Turbulence is a fact of flying. When planes experience sudden, rapid changes in airflow, things can get a little bumpy. In most cases, it’s just a minor discomfort, but severe cases can send passengers and crew to the hospital.
That was the case with Allegiant Flight 227 out of Asheville earlier this year. Passengers reported the ride was peaceful until the final 20 minutes. As the plane was descending into St. Pete-Clearwater International Airport, the flight hit severe turbulence sending two passengers and two flight attendants to the hospital.
Fortunately, incidents, such as this are rare. Unfortunately, they’re not as rare as they used to be.
Research from the University of Reading in the UK used decades of data to model the atmosphere from 1979 to 2020. Results showed the strongest category of clear air turbulence, which is a type of turbulence that occurs outside of storms and major weather systems, increased 55%, particularly around the North American jet stream.
Dr. Chip Konrad, the director of NOAA’s Southeast Regional Climate Center, said the research methods are sound, but he’d like to see more data to support the underlying hypothesis, which is the increase appears to be consistent with the impact of climate change.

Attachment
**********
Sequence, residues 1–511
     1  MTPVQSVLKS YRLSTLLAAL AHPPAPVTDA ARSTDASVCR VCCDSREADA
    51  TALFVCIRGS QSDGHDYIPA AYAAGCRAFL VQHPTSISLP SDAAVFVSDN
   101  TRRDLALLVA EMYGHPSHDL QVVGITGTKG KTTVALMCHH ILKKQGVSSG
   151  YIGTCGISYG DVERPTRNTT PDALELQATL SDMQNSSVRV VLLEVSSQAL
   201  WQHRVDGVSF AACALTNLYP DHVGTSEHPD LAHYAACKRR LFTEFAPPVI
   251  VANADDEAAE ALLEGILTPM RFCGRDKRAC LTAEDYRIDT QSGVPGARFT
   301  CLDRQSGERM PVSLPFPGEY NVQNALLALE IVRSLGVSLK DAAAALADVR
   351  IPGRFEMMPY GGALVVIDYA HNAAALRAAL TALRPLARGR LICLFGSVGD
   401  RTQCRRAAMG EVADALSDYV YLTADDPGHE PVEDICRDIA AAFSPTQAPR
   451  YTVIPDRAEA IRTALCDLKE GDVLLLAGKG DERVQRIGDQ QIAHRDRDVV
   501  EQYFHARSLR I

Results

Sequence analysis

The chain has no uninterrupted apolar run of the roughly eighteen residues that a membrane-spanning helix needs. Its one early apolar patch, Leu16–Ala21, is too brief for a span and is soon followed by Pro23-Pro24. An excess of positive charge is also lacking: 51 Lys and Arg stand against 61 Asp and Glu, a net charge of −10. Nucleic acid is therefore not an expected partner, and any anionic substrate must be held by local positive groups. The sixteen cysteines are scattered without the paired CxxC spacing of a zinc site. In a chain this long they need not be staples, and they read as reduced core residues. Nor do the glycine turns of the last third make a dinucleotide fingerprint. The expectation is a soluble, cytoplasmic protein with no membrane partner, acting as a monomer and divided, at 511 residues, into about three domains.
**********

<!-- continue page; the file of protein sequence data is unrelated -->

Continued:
“There’s a lot of complexity there so that makes it very challenging to hang your hat on climate change,” he said. “I think it’s in there, but it takes a lot to detangle it.”
Konrad believes it’s plausible atmospheric warming could be strengthening wind shear and there have been documented changes in the jet stream over the past several decades. He calls it “getting loopier” but the jet stream has been slowing down, changing patterns, contorting into extreme positions, often coinciding with severe weather outbreaks.
“There’s more and more evidence that climate change may be associated with those changes,” he said.
In most cases, turbulence is easy to predict and avoidable by analyzing weather patterns, but staying away from air turbulence remains a challenge.
“It happens sometimes over very small areas over really short time periods, that aspect of it can be very difficult if impossible to forecast,” he said. “It’s a place where you wouldn’t expect it and the winds themselves are invisible so you can’t see them.”
Pilots still rely on each other’s reports to detect clear air turbulence and don’t always get enough notice to fly around it.
The good news for passengers is that as long as your seatbelt is on and everything around you is secure, the risk of a major injury from turbulence is rare and no matter how scary the bumpy ride can get. Chances of turbulence leading to a crash are next to zero.
Out of millions of commercial flights since 2009, the FAA reports there have been 163 turbulence-related injuries. Crew members, especially flight attendants who are more likely to be walking through the cabin, account for 80 percent of those injuries.
VIDEO: Injuries reported after severe turbulence on flight from Asheville